Future You is your secret friend so commit to doing something daily for them. Get out the nice pen. Call the dentist and make an appointment. Refuse to spend money on one of your bottomless pits of need and tell them that another family member needs that cash and you have already told them you will pay the dentist for them, so you just don't have it this week.

Leave something nice in a book for Future You to find. Tuck that bookmark into the book on the bedside table thinking to yourself, "Wonder how they'll feel when they find this? Will they notice? Will they see it and know it's there because someone loves them? Will they feel loved?"

You'll know if they don't notice or don't feel loved, and just like when you try to fix something nice for someone to eat and they eat it but they are not delighted, you use Future You's dull response to recalibrate and find something different that might give them a lift, might give them a sense that you have their back and were there in the past looking out for them.

Future You is not you, and you are the one person most ideally situated to look after them. For example you know that Future You needs a job. But you are the one who can look up the job listings for them, you are the one who can get in touch with people on the fringe of your support network and chat, setting it up so that Future You can ask them for job leads. You are the one who can call the job leads so that Future You has a chance of a job interview. You are the one who can say f*** that and ignore promising job leads that would be a job that Future You would hate. You are the one that can collaborate with people now and say, "Future Me needs job ideas. You got any ideas of types of jobs that Future Me could apply for?" And you can carry home information for Future You.

If you can stick through how silly it feels to set up surprises for yourself by picturing yourself as a completely different person and do a few things over a few days, it will pay off in better mental health and morale. Future You has to learn to trust Past You, as sometimes, although Past You has always done the very best they could, sometimes circumstances were hard and they didn't remember how Future You was going to feel. But Past You has already done many, many things for Future You, so it won't take that many gestures and projects now for Future You to start feeling confident, and to get into the habit of paying it forward, so that their own Future You has some wonderful things to look forward to.
posted by Jane the Brown at 8:04 AM on June 26 [18 favorites]


From your follow-up:

It might be helpful to think about this as you having a good habit you want to develop (recognizing and fulfilling your needs). Journaling is a typical suggestion, and it sounds like a dream journal is already being helpful? Maybe a needs/wants journal where you outline things you need and want to do to take care of yourself and any progress you make on them would be good? IME the key thing with this approach celebrating any progress. The point isn't so much to reach a certain goal. The point is to break the existing bad association and re-establish the natural link between 'taking care of self' and 'feeling good'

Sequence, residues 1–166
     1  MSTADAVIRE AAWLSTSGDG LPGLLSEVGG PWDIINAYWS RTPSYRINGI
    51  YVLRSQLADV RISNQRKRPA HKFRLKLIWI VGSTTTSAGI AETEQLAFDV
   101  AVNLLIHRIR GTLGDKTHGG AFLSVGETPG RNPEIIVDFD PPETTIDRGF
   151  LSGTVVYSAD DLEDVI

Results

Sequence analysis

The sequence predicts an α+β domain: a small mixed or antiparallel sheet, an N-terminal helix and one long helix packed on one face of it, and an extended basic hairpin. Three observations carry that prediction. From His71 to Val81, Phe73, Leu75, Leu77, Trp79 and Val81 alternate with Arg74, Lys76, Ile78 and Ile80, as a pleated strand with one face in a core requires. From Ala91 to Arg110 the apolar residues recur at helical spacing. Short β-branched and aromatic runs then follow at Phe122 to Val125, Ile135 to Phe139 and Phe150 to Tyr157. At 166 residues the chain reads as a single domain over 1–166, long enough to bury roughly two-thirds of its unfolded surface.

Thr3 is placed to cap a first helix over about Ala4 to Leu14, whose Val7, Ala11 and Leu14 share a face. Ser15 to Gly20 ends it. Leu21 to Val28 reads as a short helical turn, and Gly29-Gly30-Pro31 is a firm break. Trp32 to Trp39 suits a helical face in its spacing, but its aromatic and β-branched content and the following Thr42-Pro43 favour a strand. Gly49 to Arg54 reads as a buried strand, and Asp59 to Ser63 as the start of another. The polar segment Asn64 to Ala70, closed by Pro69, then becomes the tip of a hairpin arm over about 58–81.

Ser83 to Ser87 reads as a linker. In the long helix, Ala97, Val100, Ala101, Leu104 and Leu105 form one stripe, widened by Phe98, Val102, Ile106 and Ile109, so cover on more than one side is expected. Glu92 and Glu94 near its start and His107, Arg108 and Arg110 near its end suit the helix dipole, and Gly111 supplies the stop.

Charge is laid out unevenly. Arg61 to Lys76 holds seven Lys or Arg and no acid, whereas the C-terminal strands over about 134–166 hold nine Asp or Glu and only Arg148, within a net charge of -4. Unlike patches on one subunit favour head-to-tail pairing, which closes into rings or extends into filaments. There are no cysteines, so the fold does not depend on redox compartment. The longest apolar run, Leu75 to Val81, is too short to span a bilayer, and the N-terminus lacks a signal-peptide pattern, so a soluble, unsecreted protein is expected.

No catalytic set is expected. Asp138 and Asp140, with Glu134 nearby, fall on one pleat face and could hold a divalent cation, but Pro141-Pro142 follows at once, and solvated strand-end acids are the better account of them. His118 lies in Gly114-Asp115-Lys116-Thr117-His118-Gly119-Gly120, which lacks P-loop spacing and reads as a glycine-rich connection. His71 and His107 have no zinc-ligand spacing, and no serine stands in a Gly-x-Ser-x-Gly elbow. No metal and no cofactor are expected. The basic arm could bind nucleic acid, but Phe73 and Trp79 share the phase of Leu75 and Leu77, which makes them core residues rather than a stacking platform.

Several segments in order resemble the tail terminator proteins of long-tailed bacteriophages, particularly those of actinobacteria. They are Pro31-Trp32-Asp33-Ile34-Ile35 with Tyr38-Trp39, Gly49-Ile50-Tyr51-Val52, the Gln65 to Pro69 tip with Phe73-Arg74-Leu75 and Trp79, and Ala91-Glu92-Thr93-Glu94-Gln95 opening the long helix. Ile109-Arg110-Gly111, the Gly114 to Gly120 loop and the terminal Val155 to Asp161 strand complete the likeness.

Another idea is to treat it exactly like habit development: Pick one small change you can do every day and try to do that. I started with really astoundingly excellent socks and reminding myself that I was worth astoundingly excellent socks because I was a person and wanted them. The reminding is key here - the point isn't that you 'deserve' whatever you choose, the point is that you are a person who has needs and wants and it's a good, worthy thing to fulfill those just because.

And yes, we can't all just do whatever we want, but the problem you've identified is that you don't feel like your needs and wants are worthy of being fulfilled / you aren't fulfilling your needs and wants. Now's not the time to worry over whether you should do what you want - your instincts are leading you astray on this topic and need some retraining.
posted by Ahniya at 7:07 PM on June 26 [2 favorites]


All of you, thanks so much for your inputs.
They brought up a lot of emotions that I am trying to parse. After I'd read them all, I smiled at myself in the mirror, and for the first time in years saw a real smile. (I may have smiled out in society, but alone with my feelings I am mostly just numb).
Another thing that may be happening, but it is too soon to say, is that I seem to be losing weight rapidly. During my seperation and divorce I also put on a lot of weight, if not as much as now. And from the moment I locked the door to my own apartment for the first time, I started losing it all, with no conscious effort. Self-care=health.
So your answers have perhaps already helped more than I had even imagined.
I am trying out your different suggestions, and may return and mark if some turn out to be more helpful than others, for future reference.
Thanks again.
posted by mumimor at 12:30 AM on July 2